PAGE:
Conveyor belts 72 and recurler belts 46 are preferably made of a porous, mesh-like, flexible and stretchable material, such as a spandex material. Conveyor belts 72 and recurler belts 46 may also have a tacky outer surface 74 which contacts the sheets as the sheets are passed into and through the enclosure. Due to a high coefficient of friction, tacky outer surface 74 effectively assists recurling means 44 and conveying means 60 to transport the sheets through the enclosure. Tacky outer surface 74 may comprise a thin film of silicone placed upon the outer surface of conveyor belts 72 and recurler belts 46.
Drive roller 48, feed roller 50, forward roller 52, and rearward roller 70 may be provided with a means for maintaining the position of recurler belts 46 and/or conveyor belts 72 which are trained about them. The position of recurler belts 46 and conveyor belts 72 may be maintained by providing a crown at the location where each belt contacts each roller, or by providing raised guides to restrict the sideways movement of each belt.
Alternatively, only drive roller 48 and rearward roller 70 are provided with a means for maintaining the position of recurler belts 46 and/or conveyor belts 72, which are trained about them, by providing a crown at the location where each belt contacts these rollers. Such an embodiment increases the area of contact between the sheets and the belts, reduces the number of elements that are necessary to practice the invention, and reduces the possibility that the sheets will be marked or creased by the crested wheels. A reduction in the number of elements also reduces manufacturing costs. This alternative embodiment is shown in FIG. 5 with feed roller 50' and forward roller 52' not having crested wheels.
Located below and in close proximity to conveying means 60 is a deflecting means 62. Deflecting means 62 serves the following dual purposes: defining a series of sheet support surfaces 76 against which the sheets are pressed while being conveyed along conveying path 43; or defining a plurality of sheet deflecting surfaces 78 against which the sheets are urged to deflect and sort the sheets downward into tray assembly 80. Deflecting means 62 comprises a plurality of relatively flat, parallel, abutting deflectors 64 which substantially span the width of conveying means 60. The upper, sheet support surface 76 of each deflector 64 is relatively flat. The lower, sheet deflecting surface 78 is slightly concave. Both the sheet support surface 76 and the sheet deflecting surface 78 have a relatively low coefficient of friction. Each successive deflector 64 substantially abuts the previous deflector to prevent the sheets from becoming jammed therebetween.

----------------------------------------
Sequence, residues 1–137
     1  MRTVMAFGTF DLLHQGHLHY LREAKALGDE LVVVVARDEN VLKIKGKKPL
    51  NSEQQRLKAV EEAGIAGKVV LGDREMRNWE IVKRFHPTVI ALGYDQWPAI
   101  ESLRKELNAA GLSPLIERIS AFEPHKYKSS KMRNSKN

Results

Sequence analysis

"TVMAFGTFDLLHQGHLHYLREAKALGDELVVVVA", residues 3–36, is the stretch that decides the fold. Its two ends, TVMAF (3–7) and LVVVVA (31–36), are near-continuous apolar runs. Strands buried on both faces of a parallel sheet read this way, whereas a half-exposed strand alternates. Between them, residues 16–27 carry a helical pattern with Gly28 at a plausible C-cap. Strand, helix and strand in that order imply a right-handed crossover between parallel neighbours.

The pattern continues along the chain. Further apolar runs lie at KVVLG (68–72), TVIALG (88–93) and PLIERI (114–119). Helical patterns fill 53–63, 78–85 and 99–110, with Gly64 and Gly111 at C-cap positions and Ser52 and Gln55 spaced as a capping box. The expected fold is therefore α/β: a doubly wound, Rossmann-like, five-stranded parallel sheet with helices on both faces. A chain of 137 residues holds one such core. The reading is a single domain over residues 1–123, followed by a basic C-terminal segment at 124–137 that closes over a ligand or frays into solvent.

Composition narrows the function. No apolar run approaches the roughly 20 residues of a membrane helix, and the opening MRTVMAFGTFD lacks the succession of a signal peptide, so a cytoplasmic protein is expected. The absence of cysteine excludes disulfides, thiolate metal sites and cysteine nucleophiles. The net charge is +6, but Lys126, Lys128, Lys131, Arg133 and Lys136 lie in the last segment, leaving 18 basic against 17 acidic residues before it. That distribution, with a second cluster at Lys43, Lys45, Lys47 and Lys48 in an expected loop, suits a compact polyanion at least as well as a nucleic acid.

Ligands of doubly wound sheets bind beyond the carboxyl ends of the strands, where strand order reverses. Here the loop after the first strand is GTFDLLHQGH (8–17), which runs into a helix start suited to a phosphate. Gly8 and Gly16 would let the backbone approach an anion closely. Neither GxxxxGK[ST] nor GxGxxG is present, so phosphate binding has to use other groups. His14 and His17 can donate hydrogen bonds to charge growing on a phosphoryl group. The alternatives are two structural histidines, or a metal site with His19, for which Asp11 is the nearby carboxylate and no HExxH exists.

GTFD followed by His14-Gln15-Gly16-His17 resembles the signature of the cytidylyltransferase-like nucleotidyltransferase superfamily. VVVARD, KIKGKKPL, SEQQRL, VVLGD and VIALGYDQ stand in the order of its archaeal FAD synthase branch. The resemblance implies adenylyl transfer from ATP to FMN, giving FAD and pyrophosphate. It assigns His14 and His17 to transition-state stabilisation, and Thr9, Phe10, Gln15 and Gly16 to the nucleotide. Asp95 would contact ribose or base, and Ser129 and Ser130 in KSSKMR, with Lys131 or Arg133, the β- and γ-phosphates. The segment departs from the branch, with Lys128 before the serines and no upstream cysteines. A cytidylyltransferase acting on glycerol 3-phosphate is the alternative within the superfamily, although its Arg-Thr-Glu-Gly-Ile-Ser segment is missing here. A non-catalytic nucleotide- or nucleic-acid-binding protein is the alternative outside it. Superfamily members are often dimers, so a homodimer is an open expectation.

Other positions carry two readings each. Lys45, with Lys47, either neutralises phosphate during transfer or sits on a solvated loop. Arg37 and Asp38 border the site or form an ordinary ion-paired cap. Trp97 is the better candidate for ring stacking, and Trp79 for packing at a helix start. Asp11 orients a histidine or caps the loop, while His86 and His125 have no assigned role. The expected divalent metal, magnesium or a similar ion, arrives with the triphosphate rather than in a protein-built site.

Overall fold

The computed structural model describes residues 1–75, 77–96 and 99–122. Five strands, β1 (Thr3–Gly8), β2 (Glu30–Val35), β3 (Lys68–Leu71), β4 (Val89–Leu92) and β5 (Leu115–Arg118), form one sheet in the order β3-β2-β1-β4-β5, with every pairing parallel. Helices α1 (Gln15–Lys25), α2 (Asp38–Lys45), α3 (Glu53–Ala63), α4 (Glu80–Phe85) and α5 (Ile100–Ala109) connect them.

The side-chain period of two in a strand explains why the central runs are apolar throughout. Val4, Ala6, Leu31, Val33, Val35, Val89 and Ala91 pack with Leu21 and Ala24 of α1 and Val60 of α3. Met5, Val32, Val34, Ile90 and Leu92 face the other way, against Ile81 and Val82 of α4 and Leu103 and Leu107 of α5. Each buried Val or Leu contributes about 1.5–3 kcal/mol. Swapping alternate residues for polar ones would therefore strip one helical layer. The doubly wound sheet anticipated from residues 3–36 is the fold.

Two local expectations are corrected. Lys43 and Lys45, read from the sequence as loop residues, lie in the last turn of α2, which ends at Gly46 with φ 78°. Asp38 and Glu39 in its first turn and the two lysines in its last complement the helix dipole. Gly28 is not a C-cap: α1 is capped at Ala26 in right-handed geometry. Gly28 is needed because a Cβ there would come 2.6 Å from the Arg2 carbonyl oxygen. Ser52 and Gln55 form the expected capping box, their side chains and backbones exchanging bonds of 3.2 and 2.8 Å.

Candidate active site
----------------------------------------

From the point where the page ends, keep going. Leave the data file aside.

Deflectors 64 are movably mounted to support frame 22, and each pivots about its own longitudinal axis 82 between a disengaged position and an engaged position. The position of deflectors 64 is controlled by the printer or duplicator which feeds the sheets into sorting apparatus 20.
In its normally at rest or disengaged position, deflector 64 serves as an active, sheet support surface 76 for the oncoming sheets, allowing the sheets to move past the deflector without being deflected. Deflector 64 is normally biased by gravity, due to the positioning of the longitudinal axis 82, toward the disengaged position. Deflector 64 may also be biased toward the disengaged position by a spring means 84.